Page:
About Me

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Illinois, United States
I am a band director at five private schools in Kankakee. Music is a big part of my life, but knitting and crafting are right up there too. I own a ridiculous stash of yarn, which I am slowly using... and replacing with better yarn... I tend to knit and crochet a lot, in class, out of class, while watching tv, while driving, pretty much constantly. I have been involved with crochet romantically for 15 years, and involved with knitting for 11 years. They sometimes get jealous of each other. I think its funny. Along with knitting and crocheting, I quilt, spin (drop spindle) and design patterns!!

Wednesday, May 18, 2011

Day 3: Germany

Today we went into one of the gymnasium schools. (remember? The school that is considered the highest education system out of the four schools students can attend after primary/grade school).
The group was split up into smaller groups, 1-2 people each, and sent into different levels of English classes in the school.

First I went to the 6th grade English class. The teacher told the students good morning and the students sang it back. It reminded me of Annie, “Good morning Mrs. Hannegan.” It's just something we do not see in the United States ever! I was so impressed!

The teacher taught part of his lesson and then got myself and the other study abroad student Anthony involved. I taught a small lesson out of the book, but I had to remind myself to talk very, very slowly. I did an exercise with the students asking them about a story they read, and matching up pictures. I think it went really well, and the English teacher told me I had a knack for teaching and that I will be a very good teacher! It made me smile inside.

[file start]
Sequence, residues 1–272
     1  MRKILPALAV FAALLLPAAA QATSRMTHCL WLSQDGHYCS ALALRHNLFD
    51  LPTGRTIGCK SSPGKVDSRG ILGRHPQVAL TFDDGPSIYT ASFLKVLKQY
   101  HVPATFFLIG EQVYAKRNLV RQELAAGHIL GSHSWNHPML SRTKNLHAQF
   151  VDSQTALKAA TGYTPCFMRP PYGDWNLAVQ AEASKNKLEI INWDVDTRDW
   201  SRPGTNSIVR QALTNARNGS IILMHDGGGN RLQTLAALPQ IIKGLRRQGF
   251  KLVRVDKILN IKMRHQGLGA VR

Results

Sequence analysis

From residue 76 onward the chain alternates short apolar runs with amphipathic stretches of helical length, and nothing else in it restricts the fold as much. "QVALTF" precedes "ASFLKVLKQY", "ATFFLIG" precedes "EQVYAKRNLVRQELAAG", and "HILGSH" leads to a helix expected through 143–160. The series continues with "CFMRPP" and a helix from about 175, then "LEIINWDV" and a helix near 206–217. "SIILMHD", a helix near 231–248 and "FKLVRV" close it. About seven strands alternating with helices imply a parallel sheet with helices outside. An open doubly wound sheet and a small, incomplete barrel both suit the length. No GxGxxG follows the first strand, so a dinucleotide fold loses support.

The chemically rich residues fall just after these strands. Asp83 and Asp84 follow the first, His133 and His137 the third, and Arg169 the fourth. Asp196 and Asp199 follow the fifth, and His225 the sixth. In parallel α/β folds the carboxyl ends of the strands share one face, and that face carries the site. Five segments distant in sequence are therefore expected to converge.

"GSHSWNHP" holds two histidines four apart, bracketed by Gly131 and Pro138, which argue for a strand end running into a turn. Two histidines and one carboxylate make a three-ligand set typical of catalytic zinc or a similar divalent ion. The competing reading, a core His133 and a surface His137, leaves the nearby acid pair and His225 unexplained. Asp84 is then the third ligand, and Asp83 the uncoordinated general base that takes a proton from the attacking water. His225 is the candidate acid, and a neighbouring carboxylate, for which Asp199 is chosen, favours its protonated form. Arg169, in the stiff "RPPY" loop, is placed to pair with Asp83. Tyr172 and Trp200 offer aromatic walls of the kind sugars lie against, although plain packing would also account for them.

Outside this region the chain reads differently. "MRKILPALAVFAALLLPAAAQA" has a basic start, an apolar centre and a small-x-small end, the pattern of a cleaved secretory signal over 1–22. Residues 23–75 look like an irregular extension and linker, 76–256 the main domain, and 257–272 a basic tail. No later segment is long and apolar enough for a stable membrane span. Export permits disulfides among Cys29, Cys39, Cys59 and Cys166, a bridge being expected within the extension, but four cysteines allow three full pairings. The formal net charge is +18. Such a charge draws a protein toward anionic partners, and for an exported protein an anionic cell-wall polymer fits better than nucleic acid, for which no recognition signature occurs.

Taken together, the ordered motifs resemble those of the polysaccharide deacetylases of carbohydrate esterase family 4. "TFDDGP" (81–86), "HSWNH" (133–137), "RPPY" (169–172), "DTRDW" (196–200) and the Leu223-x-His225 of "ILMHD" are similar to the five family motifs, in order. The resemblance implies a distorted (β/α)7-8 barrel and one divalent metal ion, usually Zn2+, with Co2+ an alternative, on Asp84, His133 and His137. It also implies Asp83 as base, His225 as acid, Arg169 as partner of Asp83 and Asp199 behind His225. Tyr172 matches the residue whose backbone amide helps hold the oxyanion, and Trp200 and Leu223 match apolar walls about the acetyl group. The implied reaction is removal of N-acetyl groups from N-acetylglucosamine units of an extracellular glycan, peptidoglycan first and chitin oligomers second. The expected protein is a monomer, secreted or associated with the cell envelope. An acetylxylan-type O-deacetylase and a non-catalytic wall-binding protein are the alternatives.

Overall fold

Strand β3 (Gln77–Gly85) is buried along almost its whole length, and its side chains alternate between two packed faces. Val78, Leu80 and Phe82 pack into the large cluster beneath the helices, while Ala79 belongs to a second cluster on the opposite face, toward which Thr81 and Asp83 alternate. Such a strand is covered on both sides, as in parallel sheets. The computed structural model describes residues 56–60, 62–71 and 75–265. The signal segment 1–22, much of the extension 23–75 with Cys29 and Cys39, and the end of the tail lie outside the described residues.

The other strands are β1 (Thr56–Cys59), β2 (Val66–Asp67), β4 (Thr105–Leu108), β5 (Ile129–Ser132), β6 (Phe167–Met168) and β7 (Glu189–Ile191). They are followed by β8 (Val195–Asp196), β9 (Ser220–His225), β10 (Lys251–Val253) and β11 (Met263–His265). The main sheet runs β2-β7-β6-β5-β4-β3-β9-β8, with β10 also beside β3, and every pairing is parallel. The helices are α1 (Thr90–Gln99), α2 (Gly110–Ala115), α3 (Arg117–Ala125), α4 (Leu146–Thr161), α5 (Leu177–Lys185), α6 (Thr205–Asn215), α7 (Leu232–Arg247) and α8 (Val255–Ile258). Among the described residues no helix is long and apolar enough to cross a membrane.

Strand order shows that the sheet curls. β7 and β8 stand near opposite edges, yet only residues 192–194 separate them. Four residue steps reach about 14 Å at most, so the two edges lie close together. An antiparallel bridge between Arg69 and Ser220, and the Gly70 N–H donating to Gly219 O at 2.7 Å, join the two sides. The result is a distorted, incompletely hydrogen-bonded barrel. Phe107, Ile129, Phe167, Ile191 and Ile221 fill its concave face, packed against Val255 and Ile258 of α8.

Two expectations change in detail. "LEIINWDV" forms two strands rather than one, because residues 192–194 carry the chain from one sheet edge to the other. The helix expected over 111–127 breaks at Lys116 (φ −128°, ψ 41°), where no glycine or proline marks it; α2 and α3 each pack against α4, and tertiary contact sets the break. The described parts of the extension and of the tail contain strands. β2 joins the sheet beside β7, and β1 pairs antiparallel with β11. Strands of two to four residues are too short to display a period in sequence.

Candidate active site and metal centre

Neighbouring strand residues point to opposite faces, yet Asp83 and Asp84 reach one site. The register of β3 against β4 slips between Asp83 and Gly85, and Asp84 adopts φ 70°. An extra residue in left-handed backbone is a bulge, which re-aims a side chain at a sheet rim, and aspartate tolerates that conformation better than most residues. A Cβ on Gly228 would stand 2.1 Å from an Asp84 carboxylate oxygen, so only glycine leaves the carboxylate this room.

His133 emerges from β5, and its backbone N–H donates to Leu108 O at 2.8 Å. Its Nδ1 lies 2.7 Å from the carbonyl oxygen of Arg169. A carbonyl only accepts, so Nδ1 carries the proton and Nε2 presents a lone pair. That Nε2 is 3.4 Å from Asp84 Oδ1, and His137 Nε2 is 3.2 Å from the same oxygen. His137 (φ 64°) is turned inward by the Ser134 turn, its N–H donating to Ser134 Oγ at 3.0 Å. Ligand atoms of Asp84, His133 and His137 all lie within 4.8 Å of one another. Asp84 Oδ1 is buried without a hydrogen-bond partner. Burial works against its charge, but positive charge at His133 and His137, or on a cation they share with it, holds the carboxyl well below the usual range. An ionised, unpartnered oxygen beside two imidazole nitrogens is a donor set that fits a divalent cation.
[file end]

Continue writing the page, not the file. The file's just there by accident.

The second class we went to, was a 10th grade class. The teacher is actually a student teacher. In Germany, you have two years of student teaching. The first year you are in the classroom with a certified teacher, and the second year you have the class all to yourself. She was in her second year of teaching, and was absolutely amazing and friendly. She let us know that we were going to answer questions that the students have, and then whenever we were done we could work on a lesson with the students. Long story short, we talked for the 90 minute class period, and then the students wanted to stay longer so we could ask them questions about their school and life. So they actually stayed 5 minutes past their lunch period started to talk to us!

They asked so many questions, things about Obama, Osama, the oil spill, Prom (they do not have prom), Spring break (we had to explain that it is not all glory...), the school cliques (yes cheerleaders are usually just exactly as you see them in the movies), our school system including tracking, and so many other subjects... I just cannot remember them all. They seemed so interested and really wanting to get all the information they could get out of us.

Towards the end of the period, I asked if I could ask them a few questions about their school and life. My first question “Do you think you are better than the students in the Hauptschule, or Realschule” (the lower schools in the schooling system).
The main answer I got was “yes”. I received so many answers, but they all leaned the same direction. “We are better than them, we are smarter, and more clever. We are proud because we get to go to the University. We can get better jobs, we act better, we are more musical. It is hard to speak to students from the Hauptschule and Reaschule because they do not know as much as us, and the conversations are difficult because they can't understand us. We are scientific, and we take Chemistry and Biology.”